common merganser female with chicks
Mom getting her chicks prepared for take-off

Before this family landed on the rocks of the Alsea River, Mama Merganser was chasing something in the river.  I couldn’t see what it was but 2 Mallards also came from across the river quacking at the same thing.  Whatever it was never came back.  The Mallards didn’t even have chicks with them.  I thought it was cool that they joined forces with Mama Merganser.

Common Merganser with 11 chicks
Common Merganser with 11 chicks!

With as many predators who love the tender merganser veal I’m always impressed by the number of chicks a mom is able to raise.  This mom has eleven chicks and it is probably due to their strict obedience to her.

Nesting birds at Seal Rock, Oregon Coast

Western Gulls and Cormorants nest on the rocky cliffs on the Oregon Coast.  The gulls are near the top while cormorants like a more risky location.

western gull chicks and adults
Chicks are very well camouflaged

I think seagulls hatch laughing.

western gulls
Western Gulls – HA HA HA ha ha

Cormorant chicks apparently hatch pooping.  If you see streaks of white on the cliffs, look for a nest at the top of the white streak.

Cormorant chicks on the nest
Cormorant chicks on the nest

The Great Blue Heron nests in tree tops but fish in rivers, bays and tidepools.

great blue heron tidepooling
Great Blue Heron like tidepooling for a different reason

I love the contrast of colors on the Pigeon Guillemot: black body, white patch on wings, red legs.

Pigeon Guillemot
Pigeon Guillemot

The mouth lining is also bright red-orange during courting season.  The Pigeon Guillemot is one of the few members of the auk and puffin family to lay 2 eggs.  They also feed in shallower water.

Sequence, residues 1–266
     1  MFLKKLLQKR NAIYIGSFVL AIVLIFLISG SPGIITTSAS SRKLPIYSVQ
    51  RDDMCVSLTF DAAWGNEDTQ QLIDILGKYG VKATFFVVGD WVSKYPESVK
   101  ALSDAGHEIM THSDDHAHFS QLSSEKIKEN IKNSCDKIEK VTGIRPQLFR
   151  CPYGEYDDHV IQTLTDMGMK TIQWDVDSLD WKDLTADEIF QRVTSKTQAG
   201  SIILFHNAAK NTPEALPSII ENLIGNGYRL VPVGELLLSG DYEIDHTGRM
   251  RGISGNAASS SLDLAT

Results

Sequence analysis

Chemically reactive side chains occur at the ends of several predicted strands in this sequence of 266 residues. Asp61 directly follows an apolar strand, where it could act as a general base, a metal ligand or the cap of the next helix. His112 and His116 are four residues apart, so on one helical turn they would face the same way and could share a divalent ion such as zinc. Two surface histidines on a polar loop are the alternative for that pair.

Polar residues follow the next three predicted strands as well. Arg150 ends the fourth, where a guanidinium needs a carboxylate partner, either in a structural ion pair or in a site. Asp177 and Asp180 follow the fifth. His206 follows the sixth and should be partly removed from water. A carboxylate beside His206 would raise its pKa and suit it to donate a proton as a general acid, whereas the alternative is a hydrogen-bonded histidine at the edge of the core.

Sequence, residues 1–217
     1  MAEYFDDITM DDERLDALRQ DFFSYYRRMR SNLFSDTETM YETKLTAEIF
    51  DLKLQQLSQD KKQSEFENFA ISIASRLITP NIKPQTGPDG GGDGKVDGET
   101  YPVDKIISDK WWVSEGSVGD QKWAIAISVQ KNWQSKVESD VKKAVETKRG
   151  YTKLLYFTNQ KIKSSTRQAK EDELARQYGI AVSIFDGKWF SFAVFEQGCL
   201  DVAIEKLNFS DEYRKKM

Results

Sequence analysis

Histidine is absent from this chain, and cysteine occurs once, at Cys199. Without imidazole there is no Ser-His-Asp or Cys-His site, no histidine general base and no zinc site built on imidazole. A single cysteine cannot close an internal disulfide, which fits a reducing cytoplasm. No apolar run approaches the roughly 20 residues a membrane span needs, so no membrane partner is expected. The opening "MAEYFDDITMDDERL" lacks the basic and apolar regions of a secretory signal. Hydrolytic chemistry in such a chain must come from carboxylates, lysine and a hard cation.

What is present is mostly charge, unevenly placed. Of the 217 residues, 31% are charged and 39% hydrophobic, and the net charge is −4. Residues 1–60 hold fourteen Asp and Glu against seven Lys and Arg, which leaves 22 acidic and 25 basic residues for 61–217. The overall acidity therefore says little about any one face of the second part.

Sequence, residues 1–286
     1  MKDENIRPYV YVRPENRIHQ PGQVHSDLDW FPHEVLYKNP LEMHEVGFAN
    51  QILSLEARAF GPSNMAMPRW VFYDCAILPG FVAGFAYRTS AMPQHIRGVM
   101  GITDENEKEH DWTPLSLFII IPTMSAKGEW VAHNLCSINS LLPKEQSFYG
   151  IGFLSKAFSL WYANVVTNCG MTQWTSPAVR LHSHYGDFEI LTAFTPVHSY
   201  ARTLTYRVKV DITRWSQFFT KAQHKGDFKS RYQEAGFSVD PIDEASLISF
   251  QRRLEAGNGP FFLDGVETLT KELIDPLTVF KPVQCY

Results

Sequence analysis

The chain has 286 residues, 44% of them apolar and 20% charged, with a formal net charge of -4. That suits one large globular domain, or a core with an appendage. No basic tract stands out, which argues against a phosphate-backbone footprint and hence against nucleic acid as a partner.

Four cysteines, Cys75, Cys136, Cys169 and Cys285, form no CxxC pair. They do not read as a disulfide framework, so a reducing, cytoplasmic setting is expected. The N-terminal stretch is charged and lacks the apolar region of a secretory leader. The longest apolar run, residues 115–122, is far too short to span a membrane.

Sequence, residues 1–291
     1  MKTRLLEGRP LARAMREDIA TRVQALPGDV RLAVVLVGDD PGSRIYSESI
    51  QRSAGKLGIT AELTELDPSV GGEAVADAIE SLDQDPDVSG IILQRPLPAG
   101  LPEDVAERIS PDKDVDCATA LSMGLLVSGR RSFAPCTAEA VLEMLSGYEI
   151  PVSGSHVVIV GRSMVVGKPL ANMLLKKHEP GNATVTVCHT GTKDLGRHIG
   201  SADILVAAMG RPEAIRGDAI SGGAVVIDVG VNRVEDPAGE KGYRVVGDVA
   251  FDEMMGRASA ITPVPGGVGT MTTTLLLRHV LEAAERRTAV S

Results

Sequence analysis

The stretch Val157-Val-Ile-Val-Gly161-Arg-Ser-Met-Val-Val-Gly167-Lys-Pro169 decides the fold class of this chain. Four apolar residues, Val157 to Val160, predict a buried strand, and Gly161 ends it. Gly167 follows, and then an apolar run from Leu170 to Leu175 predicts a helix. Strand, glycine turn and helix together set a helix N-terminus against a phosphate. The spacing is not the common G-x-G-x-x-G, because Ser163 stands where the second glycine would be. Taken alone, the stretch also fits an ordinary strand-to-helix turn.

pigeon guillemot
Red mouth and red feet makes it harder to tell when foot is in mouth – which, as we know, can happen a lot during courtship

Tidepools – Central Oregon Coast

Even when I can’t find any starfish I LOVE tidepooling.

tidepool colors
The colors of the plants are so rich!

My sweet hubby took me tidepooling this morning and he’s not even that into it.  I feel so loved!

Seagulls bathing at Seal Rock, Oregon
Seagulls bathing at Seal Rock, Oregon

We went to Seal Rock where, oddly enough, I’ve only seen 2 seals in the 8 years we’ve been here.  It was a gorgeous day!

Giant Green Anemone among various seaweeds (sea lettuce, black pine, etc)
Giant Green Anemone among various seaweeds (sea lettuce, black pine, etc)

Anemones disguise themselves by holding onto shell pieces when they close.

Aggregating Anemones
Aggregating Anemones

It can get pretty windy on the beach but it usually comes up later in the morning or afternoon.  We decided to get an early start and it had to be timed with low tide; of course.

Picnic tables in Seal Rock State Park
Picnic tables in Seal Rock State Park

We parked at Seal Rock State Park which has a clean restroom, picnic tables and paved ramp that goes almost to the beach.  The last 20 feet or so are loose rocks.

Seal Rock State Park beach access
Seal Rock State Park beach access

Can you barely see the seagulls on top of the cliff on the left side of the photo above?